How to avoid dive-wrecking in-flight colds

archive – Diving NewsHow to avoid dive-wrecking in-flight colds

Readers’ answers to a Big Question to be published in September’s Diver magazine have confirmed that many divers worry about contracting infections in the run-up to what may well be expensive diving holidays.

Relevant news is that US scientists reckon they have come up with an effective way of minimising the risk of contracting an in-flight infection such as a cold – which is all it takes to derail a dive-trip.

Airliners can contain hundreds of people from different parts of the world and in various states of health, all sitting in close proximity and breathing the same recycled air.

But the researchers reckon the odds of individuals contracting an infection can be affected significantly by the way in which they board the plane.

They combined an infection-spread model with another measuring passenger movement as they boarded, settled and later exited the aircraft, applying this to a hypothetical case of Ebola to see how it might propagate.

With a typical boarding pattern, in which passengers are required to board in three sections from the front of the plane to the middle and then the back, contact time with other passengers through close-quarters queuing increased and the infection risk was calculated as 67%.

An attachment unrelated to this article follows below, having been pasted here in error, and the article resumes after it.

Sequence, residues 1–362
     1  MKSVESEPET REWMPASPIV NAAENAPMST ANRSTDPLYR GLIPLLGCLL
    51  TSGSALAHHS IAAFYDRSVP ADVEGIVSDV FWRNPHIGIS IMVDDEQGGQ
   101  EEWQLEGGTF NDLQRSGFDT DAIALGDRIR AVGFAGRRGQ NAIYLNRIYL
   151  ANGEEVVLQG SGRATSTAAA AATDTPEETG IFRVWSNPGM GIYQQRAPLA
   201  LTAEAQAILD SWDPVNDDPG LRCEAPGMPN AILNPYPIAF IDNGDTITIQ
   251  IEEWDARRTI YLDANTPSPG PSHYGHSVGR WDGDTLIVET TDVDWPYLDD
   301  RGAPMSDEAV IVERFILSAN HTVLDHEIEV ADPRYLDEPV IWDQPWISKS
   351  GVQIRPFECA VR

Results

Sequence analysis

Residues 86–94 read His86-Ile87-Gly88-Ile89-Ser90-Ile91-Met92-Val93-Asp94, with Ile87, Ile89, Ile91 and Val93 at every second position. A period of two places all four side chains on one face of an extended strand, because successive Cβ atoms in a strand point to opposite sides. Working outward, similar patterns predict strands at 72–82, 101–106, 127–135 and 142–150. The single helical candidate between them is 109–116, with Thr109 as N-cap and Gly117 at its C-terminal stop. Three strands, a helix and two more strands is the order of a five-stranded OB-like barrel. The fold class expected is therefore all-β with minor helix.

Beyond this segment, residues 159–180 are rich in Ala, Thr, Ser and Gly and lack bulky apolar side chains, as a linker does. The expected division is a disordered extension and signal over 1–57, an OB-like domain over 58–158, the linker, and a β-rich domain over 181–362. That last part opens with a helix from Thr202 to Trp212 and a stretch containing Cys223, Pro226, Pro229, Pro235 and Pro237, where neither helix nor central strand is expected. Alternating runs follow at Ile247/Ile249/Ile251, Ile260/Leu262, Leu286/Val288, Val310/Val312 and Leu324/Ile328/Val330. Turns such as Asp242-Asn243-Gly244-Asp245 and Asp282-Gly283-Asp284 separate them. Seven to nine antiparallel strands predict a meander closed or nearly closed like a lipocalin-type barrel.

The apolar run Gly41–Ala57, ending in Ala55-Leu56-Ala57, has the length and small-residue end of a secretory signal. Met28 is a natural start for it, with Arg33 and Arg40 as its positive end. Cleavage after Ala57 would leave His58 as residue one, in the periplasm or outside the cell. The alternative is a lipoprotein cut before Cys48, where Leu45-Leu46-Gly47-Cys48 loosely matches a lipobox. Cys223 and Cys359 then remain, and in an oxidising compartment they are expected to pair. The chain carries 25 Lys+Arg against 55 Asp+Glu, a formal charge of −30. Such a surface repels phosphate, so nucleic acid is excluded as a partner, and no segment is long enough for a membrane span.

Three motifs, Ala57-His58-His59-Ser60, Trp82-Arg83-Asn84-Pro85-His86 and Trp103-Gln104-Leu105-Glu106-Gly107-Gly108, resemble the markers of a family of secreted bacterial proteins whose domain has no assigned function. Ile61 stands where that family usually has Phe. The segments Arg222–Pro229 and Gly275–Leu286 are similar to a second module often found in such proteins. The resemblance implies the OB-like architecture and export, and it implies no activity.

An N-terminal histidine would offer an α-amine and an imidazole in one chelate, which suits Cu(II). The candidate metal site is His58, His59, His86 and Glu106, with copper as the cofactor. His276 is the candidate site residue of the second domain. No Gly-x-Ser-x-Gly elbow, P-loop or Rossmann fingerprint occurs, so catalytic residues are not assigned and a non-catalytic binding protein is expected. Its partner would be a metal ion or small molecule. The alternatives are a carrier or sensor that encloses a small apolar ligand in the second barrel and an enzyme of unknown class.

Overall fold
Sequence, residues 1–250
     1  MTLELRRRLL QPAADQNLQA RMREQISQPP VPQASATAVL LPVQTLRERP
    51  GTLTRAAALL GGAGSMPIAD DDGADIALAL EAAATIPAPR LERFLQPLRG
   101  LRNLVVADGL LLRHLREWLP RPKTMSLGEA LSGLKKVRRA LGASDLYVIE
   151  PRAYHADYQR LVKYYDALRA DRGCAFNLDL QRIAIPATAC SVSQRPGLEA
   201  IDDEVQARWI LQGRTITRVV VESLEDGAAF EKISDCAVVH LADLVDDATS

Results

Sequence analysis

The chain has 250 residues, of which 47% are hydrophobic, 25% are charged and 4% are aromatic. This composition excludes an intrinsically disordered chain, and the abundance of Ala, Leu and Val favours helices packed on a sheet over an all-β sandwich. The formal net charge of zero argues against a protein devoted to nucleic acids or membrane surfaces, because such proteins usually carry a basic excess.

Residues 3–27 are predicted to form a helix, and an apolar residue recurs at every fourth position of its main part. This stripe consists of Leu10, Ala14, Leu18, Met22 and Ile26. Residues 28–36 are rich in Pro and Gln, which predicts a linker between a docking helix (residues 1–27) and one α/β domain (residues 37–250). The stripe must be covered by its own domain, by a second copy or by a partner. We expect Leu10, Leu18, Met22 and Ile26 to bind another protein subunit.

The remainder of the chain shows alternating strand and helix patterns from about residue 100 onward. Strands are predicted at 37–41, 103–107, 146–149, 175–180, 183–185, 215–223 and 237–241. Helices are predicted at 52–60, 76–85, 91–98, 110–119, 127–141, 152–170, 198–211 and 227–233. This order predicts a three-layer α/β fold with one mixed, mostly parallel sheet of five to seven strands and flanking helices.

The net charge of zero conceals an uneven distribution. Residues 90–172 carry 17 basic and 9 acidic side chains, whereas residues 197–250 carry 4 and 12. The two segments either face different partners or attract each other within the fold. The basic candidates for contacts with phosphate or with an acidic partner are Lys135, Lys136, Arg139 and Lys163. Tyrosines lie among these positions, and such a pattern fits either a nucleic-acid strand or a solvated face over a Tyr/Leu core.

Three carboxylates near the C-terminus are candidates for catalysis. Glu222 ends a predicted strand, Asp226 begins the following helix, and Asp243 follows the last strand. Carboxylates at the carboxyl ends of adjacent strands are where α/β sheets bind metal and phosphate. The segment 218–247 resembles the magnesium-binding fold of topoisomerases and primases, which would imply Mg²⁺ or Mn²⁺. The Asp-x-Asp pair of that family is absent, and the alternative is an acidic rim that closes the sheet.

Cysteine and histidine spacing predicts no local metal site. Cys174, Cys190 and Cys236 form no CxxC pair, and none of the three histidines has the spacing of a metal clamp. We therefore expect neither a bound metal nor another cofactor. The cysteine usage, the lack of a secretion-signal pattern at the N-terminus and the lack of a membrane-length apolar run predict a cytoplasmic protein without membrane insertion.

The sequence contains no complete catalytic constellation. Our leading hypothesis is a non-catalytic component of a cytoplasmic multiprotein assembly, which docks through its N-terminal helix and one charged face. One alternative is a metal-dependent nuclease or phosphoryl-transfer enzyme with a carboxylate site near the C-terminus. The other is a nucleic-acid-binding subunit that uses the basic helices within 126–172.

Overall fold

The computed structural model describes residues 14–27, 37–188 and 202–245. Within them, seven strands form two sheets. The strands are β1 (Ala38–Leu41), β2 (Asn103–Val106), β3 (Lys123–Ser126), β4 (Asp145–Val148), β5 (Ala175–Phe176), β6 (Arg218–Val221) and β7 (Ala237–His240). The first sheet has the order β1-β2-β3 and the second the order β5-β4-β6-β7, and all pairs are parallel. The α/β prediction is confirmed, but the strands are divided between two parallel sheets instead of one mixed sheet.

But when the plane was split into two sections boarding from both ends, the queuing was reduced and the infection risk dropped sharply to 40%.

The risk was also said to be lower on smaller planes with fewer than 150 seats, because they take fewer passengers who tend to reach their seats more quickly. Although Ebola was used in the study, the researchers say that their findings apply to any directly transmitted infection.

Boarding strategy is down to the airline, but the research does suggest that if you reach your seat quickly through priority boarding, or perhaps wait until late on when the queues have dissipated, your chances of having your holiday spoiled could be reduced.

Remember, however, that you might have more trouble stowing your cabin baggage if you leave it really late to take your seat, and might run the risk of missing the plane altogether! And if you’re unlucky enough to be seated close to an infected passenger, your precautions may well have been wasted. 

The study, compiled by researchers from Arizona State, Florida State and Embry-Riddle Aeronautical University, is published in Physical Review Letters E.

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